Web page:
LASG is on the right track with the proposed electricity policy and we applaud the State government for this pioneering effort to decentralise and democratise the supply of electricity to Lagosians. Other States should emulate the LASG electricity policy and start to fashion out their own electricity policies and state electricity laws. This is what we’ve termed “Energy Federalism”.
The Lagos State government recently released a consultation paper on the Lagos State Electricity Policy. The consultation paper, signed by Mr Olalere Odusote, the Commissioner of Energy and Mineral Resources, highlights the need for Lagos State to develop its own electricity policy to address the rapid urbanisation of Lagos State, leading to increasing demand for electricity, and the inherent electricity shortages that have hindered the socio-economic growth of the State. The electricity policy will also focus on reducing environmental pollution from diesel and petrol generators that residents and businesses in Lagos State (and Nigeria) have had to resort to as alternative sources of power to the epileptic and unreliable national grid.
The objective of the Lagos State electricity policy is to develop a holistic policy that will provide the “legal, engineering and commercial frameworks required by the State to create a viable sub-national electricity sector that is entirely off-the-national-grid but nevertheless caters fully to the needs of its citizens, while enabling significant socio-economic growth and development both for Lagos State and the country at large”.
The policy paper highlights eight factors for a viable electricity market in Lagos State. These are: (1.) an enabling constitutional and legal framework; (2.) an integrated resource plan; (3.) an autonomous, credible regulatory body; (4.) competitive and transparent procurement of generation resources; (5.) a bankable commercial framework; (6.) an Independent System Operator; (7.) well-funded, well-managed generation, transmission and distribution players; and (8.) collaborative Federal and State Government support for market growth/customer satisfaction.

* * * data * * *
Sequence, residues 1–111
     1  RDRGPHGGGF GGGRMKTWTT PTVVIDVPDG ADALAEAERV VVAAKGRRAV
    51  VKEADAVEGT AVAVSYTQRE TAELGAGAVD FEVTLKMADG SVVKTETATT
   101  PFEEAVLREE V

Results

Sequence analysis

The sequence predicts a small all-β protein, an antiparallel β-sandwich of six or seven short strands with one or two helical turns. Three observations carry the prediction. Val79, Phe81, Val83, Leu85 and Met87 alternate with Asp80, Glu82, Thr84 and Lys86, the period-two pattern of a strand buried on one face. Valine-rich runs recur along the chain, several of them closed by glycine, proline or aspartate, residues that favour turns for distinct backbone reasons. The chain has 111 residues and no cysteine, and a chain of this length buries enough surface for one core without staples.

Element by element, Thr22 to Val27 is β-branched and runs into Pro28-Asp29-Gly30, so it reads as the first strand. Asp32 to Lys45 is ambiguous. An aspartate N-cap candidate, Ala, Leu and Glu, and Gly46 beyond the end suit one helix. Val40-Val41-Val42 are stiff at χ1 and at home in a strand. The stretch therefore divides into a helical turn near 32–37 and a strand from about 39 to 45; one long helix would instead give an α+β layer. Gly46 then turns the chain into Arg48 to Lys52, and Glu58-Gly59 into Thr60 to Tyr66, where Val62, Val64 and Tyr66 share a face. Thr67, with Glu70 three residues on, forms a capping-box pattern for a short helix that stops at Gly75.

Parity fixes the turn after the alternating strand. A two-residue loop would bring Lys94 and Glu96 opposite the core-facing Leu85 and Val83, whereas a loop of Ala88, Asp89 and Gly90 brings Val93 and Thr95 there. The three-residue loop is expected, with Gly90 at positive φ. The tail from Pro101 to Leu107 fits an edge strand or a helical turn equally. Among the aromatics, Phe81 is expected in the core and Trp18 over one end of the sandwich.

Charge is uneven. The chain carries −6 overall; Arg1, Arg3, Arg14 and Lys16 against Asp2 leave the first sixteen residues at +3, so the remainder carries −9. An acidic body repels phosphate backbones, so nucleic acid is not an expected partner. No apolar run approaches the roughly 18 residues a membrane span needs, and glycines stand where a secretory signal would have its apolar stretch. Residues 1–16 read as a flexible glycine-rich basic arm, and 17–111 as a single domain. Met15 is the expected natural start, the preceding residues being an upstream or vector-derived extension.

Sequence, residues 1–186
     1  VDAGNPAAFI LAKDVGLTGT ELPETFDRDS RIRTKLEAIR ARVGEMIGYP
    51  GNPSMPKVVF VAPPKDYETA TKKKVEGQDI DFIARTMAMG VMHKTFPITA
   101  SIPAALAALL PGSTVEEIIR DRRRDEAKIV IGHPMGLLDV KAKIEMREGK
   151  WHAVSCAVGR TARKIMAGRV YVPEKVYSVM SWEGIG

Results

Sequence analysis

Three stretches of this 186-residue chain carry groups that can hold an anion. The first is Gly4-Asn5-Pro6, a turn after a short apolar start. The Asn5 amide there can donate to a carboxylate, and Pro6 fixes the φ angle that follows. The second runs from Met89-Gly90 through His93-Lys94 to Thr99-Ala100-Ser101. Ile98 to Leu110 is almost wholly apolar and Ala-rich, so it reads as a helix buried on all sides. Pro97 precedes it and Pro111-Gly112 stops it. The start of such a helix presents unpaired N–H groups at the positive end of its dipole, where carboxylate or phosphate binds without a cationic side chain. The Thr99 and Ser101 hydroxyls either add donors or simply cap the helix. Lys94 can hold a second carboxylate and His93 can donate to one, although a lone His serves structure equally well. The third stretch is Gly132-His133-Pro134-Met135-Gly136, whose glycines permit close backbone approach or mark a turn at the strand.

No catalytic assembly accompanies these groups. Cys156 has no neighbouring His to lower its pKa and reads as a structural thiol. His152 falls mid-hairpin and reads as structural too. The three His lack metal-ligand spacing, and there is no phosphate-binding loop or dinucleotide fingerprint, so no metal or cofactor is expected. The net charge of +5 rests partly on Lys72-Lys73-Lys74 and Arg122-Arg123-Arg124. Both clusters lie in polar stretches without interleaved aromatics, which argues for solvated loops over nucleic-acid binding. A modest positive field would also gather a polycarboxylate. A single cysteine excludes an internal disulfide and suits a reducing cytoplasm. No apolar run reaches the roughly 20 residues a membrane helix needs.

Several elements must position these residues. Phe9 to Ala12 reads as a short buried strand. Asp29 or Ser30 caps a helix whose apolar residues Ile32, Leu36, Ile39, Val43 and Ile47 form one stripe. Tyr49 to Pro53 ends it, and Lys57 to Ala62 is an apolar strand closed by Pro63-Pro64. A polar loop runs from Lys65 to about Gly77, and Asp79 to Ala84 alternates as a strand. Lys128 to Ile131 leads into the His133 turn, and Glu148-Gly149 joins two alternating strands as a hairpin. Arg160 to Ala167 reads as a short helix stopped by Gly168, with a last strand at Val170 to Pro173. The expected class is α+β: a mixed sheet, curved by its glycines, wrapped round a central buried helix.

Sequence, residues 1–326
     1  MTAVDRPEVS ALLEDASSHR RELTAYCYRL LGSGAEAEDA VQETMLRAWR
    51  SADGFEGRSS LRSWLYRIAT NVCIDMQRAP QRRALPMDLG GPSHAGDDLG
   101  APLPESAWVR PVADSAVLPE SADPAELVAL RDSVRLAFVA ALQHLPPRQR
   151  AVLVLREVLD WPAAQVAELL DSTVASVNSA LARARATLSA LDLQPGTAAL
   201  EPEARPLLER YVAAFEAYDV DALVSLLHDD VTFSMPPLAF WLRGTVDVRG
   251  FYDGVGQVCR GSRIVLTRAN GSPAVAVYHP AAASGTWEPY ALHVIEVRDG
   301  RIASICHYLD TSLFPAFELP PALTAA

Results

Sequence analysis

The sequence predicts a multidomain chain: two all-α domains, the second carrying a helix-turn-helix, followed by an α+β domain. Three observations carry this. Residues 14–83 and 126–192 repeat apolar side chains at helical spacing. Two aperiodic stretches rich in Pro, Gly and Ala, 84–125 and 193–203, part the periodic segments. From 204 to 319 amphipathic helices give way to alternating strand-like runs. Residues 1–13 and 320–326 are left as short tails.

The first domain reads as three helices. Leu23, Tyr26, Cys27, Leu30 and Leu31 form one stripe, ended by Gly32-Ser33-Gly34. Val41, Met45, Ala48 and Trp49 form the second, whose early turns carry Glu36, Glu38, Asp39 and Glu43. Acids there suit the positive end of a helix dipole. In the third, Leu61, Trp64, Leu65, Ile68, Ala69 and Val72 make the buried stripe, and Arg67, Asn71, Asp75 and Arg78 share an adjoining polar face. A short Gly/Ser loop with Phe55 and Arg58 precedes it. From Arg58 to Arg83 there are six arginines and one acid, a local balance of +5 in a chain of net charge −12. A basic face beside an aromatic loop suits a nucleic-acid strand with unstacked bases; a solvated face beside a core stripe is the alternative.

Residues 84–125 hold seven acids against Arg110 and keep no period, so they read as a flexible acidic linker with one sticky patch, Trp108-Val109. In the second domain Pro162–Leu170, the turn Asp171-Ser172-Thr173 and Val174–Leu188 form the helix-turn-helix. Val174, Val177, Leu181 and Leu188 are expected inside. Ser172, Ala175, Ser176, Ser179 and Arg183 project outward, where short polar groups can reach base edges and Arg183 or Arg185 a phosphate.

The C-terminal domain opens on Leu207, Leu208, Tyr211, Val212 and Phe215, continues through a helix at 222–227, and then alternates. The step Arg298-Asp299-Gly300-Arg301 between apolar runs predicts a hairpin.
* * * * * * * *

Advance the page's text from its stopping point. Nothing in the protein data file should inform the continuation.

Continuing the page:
Our analysis will focus in general on these eight factors as enumerated by the consultation paper, as well as provide our ideas on some of the policy intentions of Lagos State, as stated in the consultation paper.
An Enabling Constitutional/Legal Framework
The consultation paper rightly starts off with interpreting the constitutional provisions for electricity under the 1999 Constitution (as amended) and seeking a legal foundation and framework to situate the proposed Lagos electricity policy and the putative Lagos Electricity Market.
Many public commentators and even law makers at both the federal and state levels, erroneously believe that electricity is on the Exclusive Legislative List of the 1999 constitution. This is incorrect. In actual fact, electricity is on the Concurrent Legislative List and the State Houses of Assembly are vested with powers under the Constitution to make laws for electricity business in their states.
Unfortunately, the erroneous belief that electricity is on the Exclusive Legislative list, may have guided the enactment of the Electric Power Sector Reform Act (2005), which is the extant federal law on electricity in Nigeria. The EPRSA is a holistic national law for the regulation and operation of electricity business in Nigeria. It also creates the Nigerian Electricity Regulatory Commission (NERC), charged with the mandate to regulate the power sector within the provisions of the EPSRA.
The consultation paper raises the matter of who is constitutionally responsible for making laws for the electricity distribution business within states. The policy paper argues brilliantly that by virtue of Section 13(b) and Section 14(b) of the Concurrent Legislative list in the 1999 Constitution, the power to make law for electricity distribution is the responsibility of the state Houses of Assembly, not the Federal Government.
We concur with the argument put forth by the paper that Lagos State has the constitutional powers to enact laws and policies for the regulation, administration and management of electricity in the State. Given the provisions of sections 13(b), 14(b) and the definition of “Transmission” and electricity “Distribution” in section 15 of the Concurrent Legislative List in the 1999 Constitution, it is our view that the sections dealing with electricity distribution to end users in the EPRSA (2005) is a possible breach of the provisions of the 1999 Constitution.